Ursa Non Grata

Chapter 4

Bear sat barely feeling the warmth of the setting sun, his concentration was focused on the prison below. From his vantage point on the rocky slope above he could sense the wrongness. Already a chill was creeping in, stealing what remained of the warmth surrounding him.

As Bear watched, he realized it was doing much more than that. It was stealing the life of those inside the prison. He knew he would have to move, and soon.

He'd been so worried about Othello's safety that he'd forgotten how much easier it would be for the Archer's Fist to destroy the whole prison than to sneak in with the purpose of killing one man.

It wasn't as if they hadn't tried something like that before. He reminded himself about the hospital where he'd been taken after begin shot– where Davy and Derrick were recovering from their encounter with the Archer's Fist.

He forced the images from his mind as his thoughts turned dangerously close to Duck and what had happened to her afterwards. It was getting harder and harder to separate himself from Duck and what the Archer's Fist had done to her.

As he forced himself to concentrate on his surroundings, he felt it again. Something was very wrong.

Salizar smiled as he reviewed the newest reports. In just a few hours his people had come up with a plan to salvage the operation. It wasn't as elegant as his original plan, but still– it would mean that Duck and her precious Bear would suffer and that was what really mattered.

Even if the courts failed to convict them for murder, he was sure interesting tidbits of their lives would come to light and those they would be made to pay for. Espionage against the state was still a hanging offence in most countries– in Quebec, it was a guillotining offence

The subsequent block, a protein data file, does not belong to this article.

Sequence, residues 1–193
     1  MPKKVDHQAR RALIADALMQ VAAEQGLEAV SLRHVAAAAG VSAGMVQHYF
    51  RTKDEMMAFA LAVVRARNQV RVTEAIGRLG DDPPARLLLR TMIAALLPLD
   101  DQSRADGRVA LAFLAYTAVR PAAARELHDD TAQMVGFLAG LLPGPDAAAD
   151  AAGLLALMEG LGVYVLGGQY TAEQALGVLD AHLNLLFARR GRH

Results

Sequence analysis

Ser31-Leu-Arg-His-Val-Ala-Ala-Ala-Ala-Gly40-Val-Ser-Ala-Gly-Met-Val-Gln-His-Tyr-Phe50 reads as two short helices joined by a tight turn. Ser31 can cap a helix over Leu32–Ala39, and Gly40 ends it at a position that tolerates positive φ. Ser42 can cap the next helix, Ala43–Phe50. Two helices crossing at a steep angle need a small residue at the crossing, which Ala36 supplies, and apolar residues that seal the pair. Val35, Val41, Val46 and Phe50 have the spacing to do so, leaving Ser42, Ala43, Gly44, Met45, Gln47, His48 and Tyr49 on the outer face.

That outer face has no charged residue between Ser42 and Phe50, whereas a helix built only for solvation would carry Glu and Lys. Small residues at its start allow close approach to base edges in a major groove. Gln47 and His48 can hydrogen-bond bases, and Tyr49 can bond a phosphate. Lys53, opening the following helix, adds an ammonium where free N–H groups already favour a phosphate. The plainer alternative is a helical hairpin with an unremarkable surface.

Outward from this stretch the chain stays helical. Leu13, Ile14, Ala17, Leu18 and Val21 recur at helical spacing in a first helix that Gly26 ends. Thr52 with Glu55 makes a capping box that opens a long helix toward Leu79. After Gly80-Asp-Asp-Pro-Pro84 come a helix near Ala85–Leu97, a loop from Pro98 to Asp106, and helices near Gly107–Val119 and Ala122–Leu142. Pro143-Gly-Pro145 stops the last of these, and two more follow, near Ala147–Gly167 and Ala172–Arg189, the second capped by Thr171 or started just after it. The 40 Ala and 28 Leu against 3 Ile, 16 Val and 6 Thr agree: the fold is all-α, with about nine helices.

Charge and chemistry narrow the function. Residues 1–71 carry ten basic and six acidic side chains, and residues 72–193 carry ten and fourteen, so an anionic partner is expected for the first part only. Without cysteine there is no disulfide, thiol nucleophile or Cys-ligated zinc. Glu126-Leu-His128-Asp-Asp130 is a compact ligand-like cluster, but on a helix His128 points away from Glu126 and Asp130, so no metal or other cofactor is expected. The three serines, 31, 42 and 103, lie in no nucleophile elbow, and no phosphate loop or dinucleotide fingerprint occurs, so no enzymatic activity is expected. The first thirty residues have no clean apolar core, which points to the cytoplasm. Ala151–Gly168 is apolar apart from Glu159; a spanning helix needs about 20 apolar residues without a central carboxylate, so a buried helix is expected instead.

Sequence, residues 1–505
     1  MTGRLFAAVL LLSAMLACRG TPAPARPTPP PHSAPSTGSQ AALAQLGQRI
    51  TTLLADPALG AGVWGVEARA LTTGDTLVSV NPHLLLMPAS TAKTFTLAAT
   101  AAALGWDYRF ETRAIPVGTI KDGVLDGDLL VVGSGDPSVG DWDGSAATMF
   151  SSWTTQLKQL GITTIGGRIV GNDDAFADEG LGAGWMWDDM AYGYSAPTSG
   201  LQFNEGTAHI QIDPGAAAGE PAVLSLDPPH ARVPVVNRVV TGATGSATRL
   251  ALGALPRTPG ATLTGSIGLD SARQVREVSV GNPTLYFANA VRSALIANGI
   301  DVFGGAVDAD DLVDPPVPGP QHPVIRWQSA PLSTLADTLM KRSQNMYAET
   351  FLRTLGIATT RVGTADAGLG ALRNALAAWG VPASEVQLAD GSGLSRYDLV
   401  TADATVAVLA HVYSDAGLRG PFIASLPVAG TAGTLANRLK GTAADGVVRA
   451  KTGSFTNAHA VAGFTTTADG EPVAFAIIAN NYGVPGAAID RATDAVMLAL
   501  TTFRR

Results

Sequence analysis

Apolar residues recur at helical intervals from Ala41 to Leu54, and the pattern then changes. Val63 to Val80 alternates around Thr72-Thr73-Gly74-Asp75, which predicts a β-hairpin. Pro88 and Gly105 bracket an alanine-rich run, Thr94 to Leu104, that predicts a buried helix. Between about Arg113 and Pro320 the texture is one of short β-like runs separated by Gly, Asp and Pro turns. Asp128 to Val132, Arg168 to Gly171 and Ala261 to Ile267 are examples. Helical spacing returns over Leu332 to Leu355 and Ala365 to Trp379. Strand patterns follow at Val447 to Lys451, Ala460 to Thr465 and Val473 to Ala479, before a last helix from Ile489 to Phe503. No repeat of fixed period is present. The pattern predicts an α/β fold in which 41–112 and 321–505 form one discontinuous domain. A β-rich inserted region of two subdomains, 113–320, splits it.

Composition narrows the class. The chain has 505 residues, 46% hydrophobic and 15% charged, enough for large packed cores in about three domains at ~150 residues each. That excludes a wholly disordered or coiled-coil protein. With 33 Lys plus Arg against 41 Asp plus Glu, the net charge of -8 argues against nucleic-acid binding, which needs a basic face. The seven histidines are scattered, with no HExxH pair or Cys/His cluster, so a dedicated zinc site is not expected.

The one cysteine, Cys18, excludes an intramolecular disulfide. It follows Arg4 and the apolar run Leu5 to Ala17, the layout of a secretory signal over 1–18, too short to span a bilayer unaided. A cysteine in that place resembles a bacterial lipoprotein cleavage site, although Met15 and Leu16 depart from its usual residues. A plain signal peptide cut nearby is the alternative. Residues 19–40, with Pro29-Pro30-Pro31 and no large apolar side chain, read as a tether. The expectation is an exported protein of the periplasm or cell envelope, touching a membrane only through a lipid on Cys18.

Still, there was no time to truly savor what was to be. There was still the question of timing, and like any well planned meal, it was best to stay on top of things.

Besides, Duck and Bear were just the appetizer-- the Wilsons were to be the main course. He savored the idea of what was to come and signaled the others to begin.

Bear tensed as he heard the faint whine of a drone as it approached the prison from his left. He was not alone.

He took a deep breath as he eased himself into the deeper shadows of the cliff face and waited, praying he wasn't too late.

"Eph, if you don't slow down, I'm going to have to hurt you," the dwarf growled into his comm-unit.

"Get longer legs," Eph responded as he crested the hill and got his first view of the prison. He paused as he took it all in. It wasn't going to be easy, but then again, if it were easy someone else would be doing the job.

He smiled as he heard the dwarf's footsteps halt behind him. He was glad the view wasn't lost on his sometimes partner in crime.


In spite of himself Eph laughed. Trust Fellsworth to come up with the understatement of the year.